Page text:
This week we conclude the topic by looking at the product or service that the business offers and how the business can measure the performance of their operations.

The product or service that the business offers is the ‘raison d`etre’ of the business or the purpose of its existence. A lack of quality can lead to customer dissatisfaction and loss of sales. A company should always critically and objectively review their offering and compare it to the competition and customer expectations and needs. Business owners or managers should ask themselves:

·         Is my product or service offering good value?

·         Does it deliver quality superior performance?

·         How does it fair relative to competitors?

·         With industry developments, can my product or service remain relevant with changing technological trends?

In Summary, the following are good examples of NPFIs:

Product quality

  • Percentage of items rejected by quality control
  •  Number of items returned by customers

Product delivery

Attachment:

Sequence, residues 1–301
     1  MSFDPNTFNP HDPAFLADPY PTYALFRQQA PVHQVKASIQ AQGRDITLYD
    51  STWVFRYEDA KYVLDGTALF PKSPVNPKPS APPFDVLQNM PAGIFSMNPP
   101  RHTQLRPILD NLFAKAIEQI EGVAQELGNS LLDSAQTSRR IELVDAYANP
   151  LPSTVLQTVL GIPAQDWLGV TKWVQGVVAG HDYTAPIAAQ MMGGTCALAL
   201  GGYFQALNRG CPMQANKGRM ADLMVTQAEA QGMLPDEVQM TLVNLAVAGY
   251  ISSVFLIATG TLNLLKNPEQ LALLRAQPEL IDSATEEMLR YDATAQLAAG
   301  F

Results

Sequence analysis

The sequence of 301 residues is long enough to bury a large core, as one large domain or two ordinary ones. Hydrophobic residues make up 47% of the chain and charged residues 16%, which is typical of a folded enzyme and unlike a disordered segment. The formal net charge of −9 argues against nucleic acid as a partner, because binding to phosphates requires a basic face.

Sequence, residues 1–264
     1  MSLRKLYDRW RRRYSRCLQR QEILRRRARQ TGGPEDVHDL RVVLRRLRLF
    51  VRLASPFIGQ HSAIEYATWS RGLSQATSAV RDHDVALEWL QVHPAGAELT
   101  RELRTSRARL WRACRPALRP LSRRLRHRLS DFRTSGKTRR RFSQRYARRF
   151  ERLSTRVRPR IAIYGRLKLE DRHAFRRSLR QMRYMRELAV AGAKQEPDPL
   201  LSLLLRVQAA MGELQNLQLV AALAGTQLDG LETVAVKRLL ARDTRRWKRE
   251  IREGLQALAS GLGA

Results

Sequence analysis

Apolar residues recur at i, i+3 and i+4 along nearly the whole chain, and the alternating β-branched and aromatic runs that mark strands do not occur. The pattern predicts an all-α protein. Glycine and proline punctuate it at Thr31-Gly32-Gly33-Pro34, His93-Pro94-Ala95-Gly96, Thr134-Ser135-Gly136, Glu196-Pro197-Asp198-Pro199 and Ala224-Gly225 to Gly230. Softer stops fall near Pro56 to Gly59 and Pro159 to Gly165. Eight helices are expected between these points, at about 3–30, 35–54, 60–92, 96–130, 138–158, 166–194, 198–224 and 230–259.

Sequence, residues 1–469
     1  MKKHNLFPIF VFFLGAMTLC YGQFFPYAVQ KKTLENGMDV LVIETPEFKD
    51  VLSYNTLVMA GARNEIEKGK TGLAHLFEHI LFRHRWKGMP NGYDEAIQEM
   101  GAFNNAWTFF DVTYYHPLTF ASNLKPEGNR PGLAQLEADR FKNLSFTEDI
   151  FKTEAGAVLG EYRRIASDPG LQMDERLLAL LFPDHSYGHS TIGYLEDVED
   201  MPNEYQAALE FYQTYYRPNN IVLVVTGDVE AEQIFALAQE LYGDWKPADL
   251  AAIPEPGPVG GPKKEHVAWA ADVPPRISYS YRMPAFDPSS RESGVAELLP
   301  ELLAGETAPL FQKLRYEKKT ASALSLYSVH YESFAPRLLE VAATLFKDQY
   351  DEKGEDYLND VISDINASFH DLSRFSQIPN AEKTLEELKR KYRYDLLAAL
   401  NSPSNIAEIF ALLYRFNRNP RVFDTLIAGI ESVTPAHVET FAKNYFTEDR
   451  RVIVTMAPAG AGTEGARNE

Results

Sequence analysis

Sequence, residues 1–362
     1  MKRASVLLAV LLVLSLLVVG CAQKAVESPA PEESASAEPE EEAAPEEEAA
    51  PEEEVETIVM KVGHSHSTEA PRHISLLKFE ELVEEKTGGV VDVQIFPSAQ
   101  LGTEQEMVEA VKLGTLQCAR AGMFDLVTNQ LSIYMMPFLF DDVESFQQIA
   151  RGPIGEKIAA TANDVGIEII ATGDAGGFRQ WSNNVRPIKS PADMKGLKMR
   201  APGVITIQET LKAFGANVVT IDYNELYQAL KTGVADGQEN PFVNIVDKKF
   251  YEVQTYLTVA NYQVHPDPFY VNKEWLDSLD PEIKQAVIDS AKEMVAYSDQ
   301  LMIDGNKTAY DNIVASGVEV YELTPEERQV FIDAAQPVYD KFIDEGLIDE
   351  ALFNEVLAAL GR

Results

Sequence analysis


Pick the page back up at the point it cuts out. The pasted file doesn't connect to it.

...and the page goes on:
•  Percentage of customer orders delivered on time
  •  Waiting time from order to delivery
  •   Cycle time

Customer satisfaction      

  •  Number of customers returning
  •  Number of complaints

After-sales service             

  • Waiting time
  • Number of complaints
  • Use of customer surveys to measure their satisfaction.

Benefits of Non-Financial Performance Indicators

The balanced scorecard philosophy asks the critical questions at the heart of business growth and sustainability. It looks at performance from four perspectives:

1.       Customer Perspective –how do we look to the client, customer ratings?

2.       Internal business process perspective –at what must we excel?

3.       Learning & growth perspective –continuous change and growth in a dynamic innovative age.

4.       Financial perspective –how do we look to shareholders?

These four factors complement each other; for example, relatively greater customer satisfaction will result in greater revenues and profits, consequently improving the financial perspective.

Financial performance measures are lagging indicators of performance, this is because financial performance is a result of past decisions. On the other hand, NFPIs are lead indicators in that they drive future financial performance as they focus on the customer, internal business processes and learning and growth.